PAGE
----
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Caltrain, rail agency accede to Palo Alto protest

Original post made on Apr 2, 2009

Faced with outrage and confusion from Palo Alto and other Peninsula cities, the Caltrain Board of Directors has revised its agreement with the state agency in charge of building a high-speed rail system, eliminating any mention of a "four-track" rail alignment.

Read the full story here Web Link posted Thursday, April 2, 2009, 6:31 PM

Comments (9)

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Posted by Bifurfcation BS
a resident of another community
on Apr 2, 2009 at 11:04 pm

You gotta be kidding me; bifurcation, what a joke. East v. West; Train already separates town(s), [portion removed; offensive language]. What does 101 or the 5 or the 405 do all over this state; or for that matter, many other freeways/state highways do; or for that matter, the El Camino Real; aka the King's Highway. What a crappy argument and what a joke you are for making such an argument. Get Real and find a real reason to oppose this idea!

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Posted by truth
a resident of Menlo Park: Belle Haven
on Apr 3, 2009 at 11:38 am

How about this for a reason...every single HSR around the world is subsidized by its government. Some at 100%.

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Posted by An Observer
a resident of another community
on Apr 3, 2009 at 3:21 pm

why is it that everybody that posts here from out of state claims that caltrain **already** splits these cities in half, while all of the residents claim the opposite? Hey bifurcation BS, why don't you drive your car up from LA where you live and visit here and watch the Caltrain go by once every 2 hours on weekends at 35mph though the towns here. THEN try to tell people with an honest face that Caltrain already splits cities.

BTW I am posting as being from another community but I am from Palo Alto, so I know of what I speak, unlike you out of towners. The key point here is that you, Diridon and everybody else who would listen was told REPEATEDLY that the Caltrain would not work for long range high speed rail and you ignored it thinking the residents wouldn't notice. The caltrain corridor is 50 miles of angry residents and business owners.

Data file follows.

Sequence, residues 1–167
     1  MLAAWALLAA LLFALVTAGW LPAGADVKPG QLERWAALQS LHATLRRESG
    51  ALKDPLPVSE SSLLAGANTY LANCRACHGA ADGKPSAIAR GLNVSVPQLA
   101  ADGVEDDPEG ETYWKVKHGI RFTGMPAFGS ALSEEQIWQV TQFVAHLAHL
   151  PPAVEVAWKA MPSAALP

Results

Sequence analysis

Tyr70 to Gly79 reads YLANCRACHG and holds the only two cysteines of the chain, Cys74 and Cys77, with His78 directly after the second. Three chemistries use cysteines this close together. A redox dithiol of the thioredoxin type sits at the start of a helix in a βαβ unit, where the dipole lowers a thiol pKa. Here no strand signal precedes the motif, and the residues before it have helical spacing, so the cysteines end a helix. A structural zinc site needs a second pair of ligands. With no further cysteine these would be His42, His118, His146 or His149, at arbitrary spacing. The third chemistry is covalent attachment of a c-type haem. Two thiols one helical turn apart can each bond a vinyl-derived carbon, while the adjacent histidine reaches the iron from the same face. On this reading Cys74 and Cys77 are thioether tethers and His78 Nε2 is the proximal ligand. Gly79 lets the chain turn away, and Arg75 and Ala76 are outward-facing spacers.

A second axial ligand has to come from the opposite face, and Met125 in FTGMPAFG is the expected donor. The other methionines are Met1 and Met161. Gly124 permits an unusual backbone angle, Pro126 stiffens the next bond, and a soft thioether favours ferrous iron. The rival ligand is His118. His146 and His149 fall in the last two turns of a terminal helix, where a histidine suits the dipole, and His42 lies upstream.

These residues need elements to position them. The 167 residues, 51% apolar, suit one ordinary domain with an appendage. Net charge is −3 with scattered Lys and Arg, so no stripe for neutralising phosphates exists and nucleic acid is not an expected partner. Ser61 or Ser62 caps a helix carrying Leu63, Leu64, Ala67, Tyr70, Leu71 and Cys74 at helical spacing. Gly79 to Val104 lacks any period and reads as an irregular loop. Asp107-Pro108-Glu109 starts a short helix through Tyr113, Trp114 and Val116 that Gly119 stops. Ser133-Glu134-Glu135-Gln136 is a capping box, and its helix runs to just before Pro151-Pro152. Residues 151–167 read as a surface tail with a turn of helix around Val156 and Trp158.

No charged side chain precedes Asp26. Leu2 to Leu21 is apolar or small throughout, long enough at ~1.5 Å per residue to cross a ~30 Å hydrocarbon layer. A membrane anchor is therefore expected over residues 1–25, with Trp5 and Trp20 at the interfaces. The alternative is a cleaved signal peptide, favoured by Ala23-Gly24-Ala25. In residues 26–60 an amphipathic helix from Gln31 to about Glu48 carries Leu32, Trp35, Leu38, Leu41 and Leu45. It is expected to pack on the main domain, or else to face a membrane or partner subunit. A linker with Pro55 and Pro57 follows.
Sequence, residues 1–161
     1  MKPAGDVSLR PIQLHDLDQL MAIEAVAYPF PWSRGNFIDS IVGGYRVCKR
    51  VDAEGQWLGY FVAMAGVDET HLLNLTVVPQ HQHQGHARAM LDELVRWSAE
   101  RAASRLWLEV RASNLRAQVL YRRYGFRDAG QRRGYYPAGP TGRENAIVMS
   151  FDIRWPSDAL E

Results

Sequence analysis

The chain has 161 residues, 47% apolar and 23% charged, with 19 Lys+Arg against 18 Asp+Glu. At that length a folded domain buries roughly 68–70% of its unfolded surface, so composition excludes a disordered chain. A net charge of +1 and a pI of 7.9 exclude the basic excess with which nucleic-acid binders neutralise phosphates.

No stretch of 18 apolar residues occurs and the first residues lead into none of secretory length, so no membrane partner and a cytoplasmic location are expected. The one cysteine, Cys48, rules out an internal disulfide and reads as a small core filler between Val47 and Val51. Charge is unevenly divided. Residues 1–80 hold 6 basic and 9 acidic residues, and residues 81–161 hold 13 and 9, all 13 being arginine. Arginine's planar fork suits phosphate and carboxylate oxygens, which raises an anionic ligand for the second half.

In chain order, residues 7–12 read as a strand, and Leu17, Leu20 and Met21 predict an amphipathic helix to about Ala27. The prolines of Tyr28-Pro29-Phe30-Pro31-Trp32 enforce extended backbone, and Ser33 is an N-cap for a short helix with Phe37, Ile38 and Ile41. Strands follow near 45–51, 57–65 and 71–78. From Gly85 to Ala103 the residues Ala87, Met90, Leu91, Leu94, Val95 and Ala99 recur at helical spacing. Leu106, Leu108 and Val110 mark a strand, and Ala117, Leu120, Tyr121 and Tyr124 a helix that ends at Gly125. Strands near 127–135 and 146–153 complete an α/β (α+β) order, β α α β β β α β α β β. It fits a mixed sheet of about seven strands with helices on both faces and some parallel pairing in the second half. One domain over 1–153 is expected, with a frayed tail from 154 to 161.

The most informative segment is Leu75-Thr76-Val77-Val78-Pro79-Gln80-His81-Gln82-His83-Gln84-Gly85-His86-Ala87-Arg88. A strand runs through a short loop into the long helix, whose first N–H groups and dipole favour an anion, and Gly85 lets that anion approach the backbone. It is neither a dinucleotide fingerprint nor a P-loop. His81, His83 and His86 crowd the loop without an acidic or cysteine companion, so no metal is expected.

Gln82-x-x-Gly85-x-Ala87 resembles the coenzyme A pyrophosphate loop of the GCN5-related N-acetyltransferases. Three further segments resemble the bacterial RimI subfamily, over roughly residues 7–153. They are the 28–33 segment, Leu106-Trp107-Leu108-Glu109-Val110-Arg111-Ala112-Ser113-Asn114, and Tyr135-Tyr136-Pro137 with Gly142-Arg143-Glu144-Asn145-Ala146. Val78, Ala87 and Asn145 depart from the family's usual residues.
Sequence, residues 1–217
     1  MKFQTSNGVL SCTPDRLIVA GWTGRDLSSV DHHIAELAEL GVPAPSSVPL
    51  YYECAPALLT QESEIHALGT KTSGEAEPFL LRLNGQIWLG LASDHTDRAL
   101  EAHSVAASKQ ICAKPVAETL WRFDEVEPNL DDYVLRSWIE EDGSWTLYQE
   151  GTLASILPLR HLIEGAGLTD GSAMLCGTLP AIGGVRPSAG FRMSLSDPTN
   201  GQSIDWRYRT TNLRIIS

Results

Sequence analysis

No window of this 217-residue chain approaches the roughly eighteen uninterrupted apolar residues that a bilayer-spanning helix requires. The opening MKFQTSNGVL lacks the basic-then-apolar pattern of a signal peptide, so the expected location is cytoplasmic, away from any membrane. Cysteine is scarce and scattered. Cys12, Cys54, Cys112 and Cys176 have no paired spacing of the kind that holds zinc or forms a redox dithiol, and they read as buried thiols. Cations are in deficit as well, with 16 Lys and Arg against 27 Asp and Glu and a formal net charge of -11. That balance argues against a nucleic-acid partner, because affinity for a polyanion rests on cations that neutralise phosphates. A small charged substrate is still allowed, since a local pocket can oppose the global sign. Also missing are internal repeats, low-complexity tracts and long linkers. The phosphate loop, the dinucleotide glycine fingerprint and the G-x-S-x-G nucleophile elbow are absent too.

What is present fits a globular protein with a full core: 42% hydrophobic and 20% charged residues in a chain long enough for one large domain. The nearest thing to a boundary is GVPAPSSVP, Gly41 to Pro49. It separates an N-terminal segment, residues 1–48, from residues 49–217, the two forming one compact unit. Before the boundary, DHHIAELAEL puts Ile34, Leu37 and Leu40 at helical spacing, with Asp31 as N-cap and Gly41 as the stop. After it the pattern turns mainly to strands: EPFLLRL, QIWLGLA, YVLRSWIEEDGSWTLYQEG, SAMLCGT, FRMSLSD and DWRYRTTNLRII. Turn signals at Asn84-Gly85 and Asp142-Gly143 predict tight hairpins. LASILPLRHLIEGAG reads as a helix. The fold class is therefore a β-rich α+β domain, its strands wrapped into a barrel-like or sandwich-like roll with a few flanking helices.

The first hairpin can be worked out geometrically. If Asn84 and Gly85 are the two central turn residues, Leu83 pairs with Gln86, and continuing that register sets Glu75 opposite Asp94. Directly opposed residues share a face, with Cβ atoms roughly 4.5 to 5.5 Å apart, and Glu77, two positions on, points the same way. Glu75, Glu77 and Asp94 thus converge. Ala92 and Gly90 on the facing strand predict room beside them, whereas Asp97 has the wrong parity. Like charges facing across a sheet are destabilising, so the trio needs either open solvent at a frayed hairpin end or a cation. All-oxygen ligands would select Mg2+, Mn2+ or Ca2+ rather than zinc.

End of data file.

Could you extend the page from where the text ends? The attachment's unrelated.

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Posted by Facts
a resident of another community
on Apr 3, 2009 at 3:35 pm


Please give examples of the HSR around the world being almost or fully subsidized? You can't because most make a profit. The contries may have contributed to the initial building costs, but the operators are paying those loans back and making money of their own.

Here is an article from 2007 for the TGV:

Web Link

The Korea Train eXpress (KTX):

Web Link

Besides, let them change the wording. It doesn't change the fact that there will be 4 tracks on the peninsula anyway. Get this thing built!

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Posted by Happy residents
a resident of Woodside: Woodside Heights
on Apr 3, 2009 at 3:47 pm

An observer,

You are wrong. A lot of us are happy that this HSR project is finally going to happen. It will be mean grade crossing will be gone and saftey will improve. Palo Alto residents (the ones complaining anyway) must realize that people do want this to be built and that there is not 50 miles of angry people.

By the way, we all knew the Caltrain tracks were there when we moved on to the peninsula. Don't play dumb for one minute thinking that you didn't. And for the people who bought homes close to the right-of-way, that is your own fault. You had to sign papers with your explicit acknowlegement of the trains. You just wanted cheaper property.

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Posted by truth
a resident of Menlo Park: Belle Haven
on Apr 5, 2009 at 10:39 pm

Facts, you are nothing but a distortion waiting to happen. Read if you can...

Web Link

1/3 subsidized in Japan, and experts tell you exactly why this train should be buried or redirected. You guys need to stop this obvious PR campaign stuff.

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Posted by Clem
a resident of another community
on Apr 5, 2009 at 11:16 pm


There is an important distinction between operating costs and construction costs which you seem to be dismissing, purposefully or not. Nobody is arguing that constructing high speed rail lines is any more profitable than building an airport or a freeway (it's not: that's why governments do it, not private for-profit companies). However, like an airline or a trucking company, it is possible to make a profit in operating high speed trains.

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Posted by truth
a resident of Menlo Park: Belle Haven
on Apr 6, 2009 at 4:03 pm

Thanks for helping to clarify my point, Clem.

I think my final say here on this site will be that although I don't necessarily like the litigious route taken, I can respect the position this council is in. I think it unfair for Kopp and his group to villify town councils. This is what they are supposed to do, and I am worried about those who have passed on the responsiblity.

I think between the local agencies, the towns, the private sector and our state and fed gov. we should be able to see a track system that can go undergound. We would be fools to short change the long-term because we think we are short of change for that option.

Don't you agree, Clem? Aren't there parallels here with the TGV and others who have tunnelled in areas where the residential collided?

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Posted by quiet
a resident of another community
on Apr 9, 2009 at 1:41 pm

@An Observer

I suggest drive north yourself and see how the tracks have segregated San Mateo, where I live, or San Carlos, Belmont, etc.

Sorry, but further commenting on this topic has been closed.

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